Your support team member could either get you food from a restaurant or give you food that they made without you present. Or if you need to start even smaller, you could watch them make your meal so you know it's safe. Eat with them. Notice your feelings. Use anxiety reduction and grounding techniques. Keep breathing and do your best. Keep practicing this step until your anxiety stays below a 7 on a 0-10 scale with 10 being the worst anxiety you've felt and 0 being no anxiety at all.
Increase the challenge slowly
Once you get comfortable with eating meals made by others, up the ante. If you're still not ready for restaurant dining, try getting take-out or try eating foods you didn't see being prepared. Use an affirmation like "This food is safe and nourishing; I am safe and I can eat this food". Make sure you start off each experience with some breathing and relaxing techniques so that you don't associate fear with the experience.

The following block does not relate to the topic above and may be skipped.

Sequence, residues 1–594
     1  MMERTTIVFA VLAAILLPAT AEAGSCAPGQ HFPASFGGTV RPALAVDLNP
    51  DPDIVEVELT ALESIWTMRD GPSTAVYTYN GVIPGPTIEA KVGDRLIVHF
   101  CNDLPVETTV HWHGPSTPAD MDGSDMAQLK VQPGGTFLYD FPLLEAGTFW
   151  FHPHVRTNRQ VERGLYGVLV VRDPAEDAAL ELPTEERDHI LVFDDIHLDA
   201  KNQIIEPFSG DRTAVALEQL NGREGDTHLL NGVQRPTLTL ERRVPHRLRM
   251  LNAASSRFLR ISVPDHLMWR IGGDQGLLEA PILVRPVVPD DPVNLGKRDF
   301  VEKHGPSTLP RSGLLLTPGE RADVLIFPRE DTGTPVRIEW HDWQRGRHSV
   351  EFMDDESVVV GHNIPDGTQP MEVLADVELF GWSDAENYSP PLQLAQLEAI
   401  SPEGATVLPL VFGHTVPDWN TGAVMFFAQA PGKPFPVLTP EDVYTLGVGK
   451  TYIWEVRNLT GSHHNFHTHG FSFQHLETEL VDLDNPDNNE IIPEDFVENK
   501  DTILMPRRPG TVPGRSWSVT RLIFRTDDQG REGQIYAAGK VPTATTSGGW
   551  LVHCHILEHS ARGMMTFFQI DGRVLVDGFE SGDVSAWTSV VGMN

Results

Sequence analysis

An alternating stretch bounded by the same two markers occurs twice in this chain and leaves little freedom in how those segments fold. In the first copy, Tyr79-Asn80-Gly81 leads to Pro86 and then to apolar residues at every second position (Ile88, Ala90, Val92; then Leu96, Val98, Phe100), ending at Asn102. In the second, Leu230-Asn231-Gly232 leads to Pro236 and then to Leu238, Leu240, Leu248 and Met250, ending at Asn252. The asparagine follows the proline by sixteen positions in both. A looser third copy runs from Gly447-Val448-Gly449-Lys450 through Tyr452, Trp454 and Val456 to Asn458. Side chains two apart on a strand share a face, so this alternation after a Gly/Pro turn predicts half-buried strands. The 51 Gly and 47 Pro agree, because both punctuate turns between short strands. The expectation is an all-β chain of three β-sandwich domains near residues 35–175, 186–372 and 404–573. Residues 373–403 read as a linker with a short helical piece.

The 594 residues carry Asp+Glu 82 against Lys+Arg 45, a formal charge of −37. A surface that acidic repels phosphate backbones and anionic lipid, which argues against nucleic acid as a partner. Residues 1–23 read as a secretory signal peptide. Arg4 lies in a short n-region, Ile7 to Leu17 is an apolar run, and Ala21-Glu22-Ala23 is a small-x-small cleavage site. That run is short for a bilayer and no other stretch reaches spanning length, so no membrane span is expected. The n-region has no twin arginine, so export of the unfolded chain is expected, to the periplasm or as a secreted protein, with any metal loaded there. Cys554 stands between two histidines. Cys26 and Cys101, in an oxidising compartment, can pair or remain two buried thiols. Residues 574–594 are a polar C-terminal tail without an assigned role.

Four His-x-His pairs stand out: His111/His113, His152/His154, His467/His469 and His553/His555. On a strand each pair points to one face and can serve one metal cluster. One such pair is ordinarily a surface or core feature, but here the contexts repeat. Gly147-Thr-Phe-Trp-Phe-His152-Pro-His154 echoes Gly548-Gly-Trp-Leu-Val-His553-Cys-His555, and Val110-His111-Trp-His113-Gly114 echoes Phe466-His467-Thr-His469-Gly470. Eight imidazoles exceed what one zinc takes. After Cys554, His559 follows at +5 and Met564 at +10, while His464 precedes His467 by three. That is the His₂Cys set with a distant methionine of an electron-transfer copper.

If noise bothers you, choose a restaurant that's quieter or a time of day that's less intense like lunch. See if you can get a table that's against a wall, in a corner or in a quieter area of the restaurant. This reduces over-stimulation and feelings of vulnerability.
Have a plan
In earlier recovery, it's helpful to have a plan. If you know which restaurant you'll be going to, look up their menu online. Work with your therapist or dietician to determine which menu item you'll be selecting. Most restaurants have portions that are significantly larger than the exchanges on your meal plan. If this is the case, you could anticipate eating half the meal. One tip is to ask for a to-go box at the beginning of the meal so that you can put half away for later and just focus on what's on your plate.